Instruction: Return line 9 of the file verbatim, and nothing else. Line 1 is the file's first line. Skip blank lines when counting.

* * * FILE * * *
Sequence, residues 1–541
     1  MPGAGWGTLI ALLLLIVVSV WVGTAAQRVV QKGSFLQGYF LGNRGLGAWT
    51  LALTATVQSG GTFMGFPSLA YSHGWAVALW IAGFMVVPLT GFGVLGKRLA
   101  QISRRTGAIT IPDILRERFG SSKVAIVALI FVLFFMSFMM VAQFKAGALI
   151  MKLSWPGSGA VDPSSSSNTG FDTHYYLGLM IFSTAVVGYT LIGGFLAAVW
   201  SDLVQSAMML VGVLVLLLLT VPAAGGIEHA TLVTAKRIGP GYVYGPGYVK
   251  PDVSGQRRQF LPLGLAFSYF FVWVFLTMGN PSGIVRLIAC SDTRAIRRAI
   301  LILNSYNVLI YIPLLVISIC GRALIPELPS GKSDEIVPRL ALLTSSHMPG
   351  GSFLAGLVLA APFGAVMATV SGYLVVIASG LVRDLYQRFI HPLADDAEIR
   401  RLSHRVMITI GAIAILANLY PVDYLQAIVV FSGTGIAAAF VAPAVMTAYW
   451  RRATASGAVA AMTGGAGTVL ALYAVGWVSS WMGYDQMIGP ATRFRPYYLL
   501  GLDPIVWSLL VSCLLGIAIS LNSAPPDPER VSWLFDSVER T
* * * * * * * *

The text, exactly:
   351  GSFLAGLVLA APFGAVMATV SGYLVVIASG LVRDLYQRFI HPLADDAEIR